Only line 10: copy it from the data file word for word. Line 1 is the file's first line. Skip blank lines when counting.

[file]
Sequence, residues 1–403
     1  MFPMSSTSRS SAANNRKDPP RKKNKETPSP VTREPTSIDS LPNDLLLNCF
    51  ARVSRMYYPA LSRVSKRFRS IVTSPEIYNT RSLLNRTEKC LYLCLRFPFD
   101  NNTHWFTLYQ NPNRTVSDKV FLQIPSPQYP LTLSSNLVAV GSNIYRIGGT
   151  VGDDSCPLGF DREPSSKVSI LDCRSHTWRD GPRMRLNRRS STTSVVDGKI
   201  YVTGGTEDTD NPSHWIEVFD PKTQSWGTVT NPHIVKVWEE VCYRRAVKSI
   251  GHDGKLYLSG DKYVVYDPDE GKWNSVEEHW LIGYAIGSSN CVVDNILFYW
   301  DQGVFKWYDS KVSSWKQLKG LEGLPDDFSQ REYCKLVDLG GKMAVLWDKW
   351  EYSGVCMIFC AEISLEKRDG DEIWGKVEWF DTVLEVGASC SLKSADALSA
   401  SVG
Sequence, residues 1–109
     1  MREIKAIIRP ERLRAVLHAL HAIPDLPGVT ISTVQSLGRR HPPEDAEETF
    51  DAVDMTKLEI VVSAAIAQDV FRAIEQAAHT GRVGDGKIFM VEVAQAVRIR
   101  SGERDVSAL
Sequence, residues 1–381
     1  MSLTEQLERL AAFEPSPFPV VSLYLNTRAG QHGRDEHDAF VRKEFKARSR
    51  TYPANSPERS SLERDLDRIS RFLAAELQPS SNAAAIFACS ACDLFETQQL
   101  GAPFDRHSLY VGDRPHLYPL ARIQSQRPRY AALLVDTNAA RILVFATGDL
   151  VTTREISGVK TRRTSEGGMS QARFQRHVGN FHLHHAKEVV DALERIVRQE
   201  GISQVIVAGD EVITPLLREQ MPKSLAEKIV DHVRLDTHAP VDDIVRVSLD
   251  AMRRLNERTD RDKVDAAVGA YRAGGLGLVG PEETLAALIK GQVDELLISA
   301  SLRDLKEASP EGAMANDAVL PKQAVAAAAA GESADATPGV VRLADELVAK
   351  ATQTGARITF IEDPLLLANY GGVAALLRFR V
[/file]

   401  SVG